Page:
Registration and additional conference information can be found on the Rural Human Trafficking Summit website at cvent.com/d/z6qs99.

 

PORH formed in 1991 as a joint partnership between the federal government, the Commonwealth of Pennsylvania, and Penn State. The office is one of 50 state offices of rural health in the nation funded under a program administered by FORHP and is charged with being a source of coordination, technical assistance, networking, and partnership development.

 

PORH provides expertise in the areas of rural health, agricultural health and safety, and community and economic development. PORH is administratively housed in the Department of Health Policy and Administration in the College of Health and Human Development at Penn State University Park.

 

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Editors:  For more information, contact Terri Klinefelter, outreach coordinator, Pennsylvania Office of Rural Health, at 814-863-8214 or tjc136@psu.edu.

Podcasts: Rural Chronic Obstructive Pulmonary Disease (COPD) and its Prevalence in Rural America

The National Rural Health Resource Center (The Center) has partnered with Dr. Bill Auxier of Rural Health Leadership Radio to produce a six-part podcast series about Rural Chronic Obstructive Pulmonary Disease (COPD) and its prevalence in rural America. This series from The Center provides information about COPD, how rural providers are meeting the needs of their communities, and the importance of billing and coding appropriately while ensuring quality of care is being addressed. Each podcast features a guest with expert knowledge in COPD and rural health.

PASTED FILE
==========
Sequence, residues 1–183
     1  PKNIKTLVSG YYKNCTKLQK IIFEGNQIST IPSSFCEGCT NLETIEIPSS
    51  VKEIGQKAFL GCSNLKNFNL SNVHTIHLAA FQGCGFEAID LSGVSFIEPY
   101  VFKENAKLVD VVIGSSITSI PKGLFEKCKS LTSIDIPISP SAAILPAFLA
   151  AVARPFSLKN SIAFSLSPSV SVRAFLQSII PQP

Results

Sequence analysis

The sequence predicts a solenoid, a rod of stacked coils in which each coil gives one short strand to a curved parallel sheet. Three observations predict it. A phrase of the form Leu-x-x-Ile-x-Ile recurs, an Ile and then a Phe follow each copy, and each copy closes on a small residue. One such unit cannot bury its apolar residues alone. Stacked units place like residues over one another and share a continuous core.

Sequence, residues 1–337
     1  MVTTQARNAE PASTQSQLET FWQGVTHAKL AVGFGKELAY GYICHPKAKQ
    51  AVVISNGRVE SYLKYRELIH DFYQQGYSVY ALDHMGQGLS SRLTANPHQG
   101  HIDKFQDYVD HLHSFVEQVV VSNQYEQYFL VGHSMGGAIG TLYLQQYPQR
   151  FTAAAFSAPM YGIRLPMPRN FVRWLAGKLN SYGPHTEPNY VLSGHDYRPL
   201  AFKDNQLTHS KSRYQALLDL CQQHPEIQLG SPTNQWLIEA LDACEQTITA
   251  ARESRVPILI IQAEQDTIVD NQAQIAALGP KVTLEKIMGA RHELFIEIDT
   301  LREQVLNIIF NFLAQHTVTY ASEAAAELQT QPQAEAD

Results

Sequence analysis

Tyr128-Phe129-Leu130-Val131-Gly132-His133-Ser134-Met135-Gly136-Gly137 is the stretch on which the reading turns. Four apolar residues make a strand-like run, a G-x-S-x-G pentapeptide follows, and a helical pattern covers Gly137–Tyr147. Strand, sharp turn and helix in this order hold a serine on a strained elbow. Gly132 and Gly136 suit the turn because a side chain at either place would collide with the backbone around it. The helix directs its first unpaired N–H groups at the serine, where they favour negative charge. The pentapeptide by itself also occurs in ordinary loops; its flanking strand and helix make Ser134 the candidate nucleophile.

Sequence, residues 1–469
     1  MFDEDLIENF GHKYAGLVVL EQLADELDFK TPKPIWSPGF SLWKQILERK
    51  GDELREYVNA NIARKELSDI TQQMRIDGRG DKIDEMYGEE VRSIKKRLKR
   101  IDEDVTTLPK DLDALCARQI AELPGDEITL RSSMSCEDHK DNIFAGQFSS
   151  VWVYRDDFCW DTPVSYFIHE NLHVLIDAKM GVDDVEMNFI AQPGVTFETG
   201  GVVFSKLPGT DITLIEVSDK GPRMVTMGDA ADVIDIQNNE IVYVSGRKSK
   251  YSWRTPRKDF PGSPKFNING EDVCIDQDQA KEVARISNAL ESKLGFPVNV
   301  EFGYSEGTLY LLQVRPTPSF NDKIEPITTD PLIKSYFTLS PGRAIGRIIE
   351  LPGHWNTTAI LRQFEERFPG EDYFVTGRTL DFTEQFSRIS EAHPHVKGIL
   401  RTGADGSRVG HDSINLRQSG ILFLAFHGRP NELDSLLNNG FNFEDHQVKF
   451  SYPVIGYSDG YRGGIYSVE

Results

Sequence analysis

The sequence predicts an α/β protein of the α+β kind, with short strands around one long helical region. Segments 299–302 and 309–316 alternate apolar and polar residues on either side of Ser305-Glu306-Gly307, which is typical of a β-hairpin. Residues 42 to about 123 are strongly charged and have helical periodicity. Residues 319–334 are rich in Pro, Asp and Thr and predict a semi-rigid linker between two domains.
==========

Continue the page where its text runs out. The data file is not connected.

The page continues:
Available now: Episode 6A featuring Tracy Conroy, Valerie Roark, and Connie Wilson of Daviess Community Hospital

Listen here.

  • In this episode, Tracy, Valerie, and Connie discuss Daviess Community Hospital’s pulmonary rehab program and how it started, what they have learned so far in the three years of their program, COPD from both a patient and hospital aspect, and the future of COPD care.
  • Daviess Community Hospital is a 74-bed, non-profit hospital in Washington, Indiana with an extensive pulmonary rehabilitation program. Tracy Conroy serves as the chief executive officer and provides operational, financial, and strategic leadership that supports the mission and vision of Daviess. She has over 25 years of leadership experience in both acute and long-term care, population health management, outpatient clinics, and regional partnerships. Valerie Roark is a Registered Respiratory Therapist working with Daviess Community Hospital for the past 30 years as the Director of the Cardiopulmonary Department, EEG’s, Sleep Diagnostics and Cardiac and Pulmonary Rehabilitation. Connie Wilson is currently the Cardiac/Pulmonary Rehabilitation nurse. Connie has been an RN for 34 years with 28 years in Cardiac Rehabilitation and 25 years in Pulmonary Rehabilitation.

Available now: Episode 6B featuring Dr. Steve Barnett of McKenzie Health System

Listen here.

  • In this episode, Dr. Barnett discusses their new cardiac rehab program, how it relates to pulmonary rehab programs, the financial risk, innovation, and resources necessary for this new program, and the future of COPD care.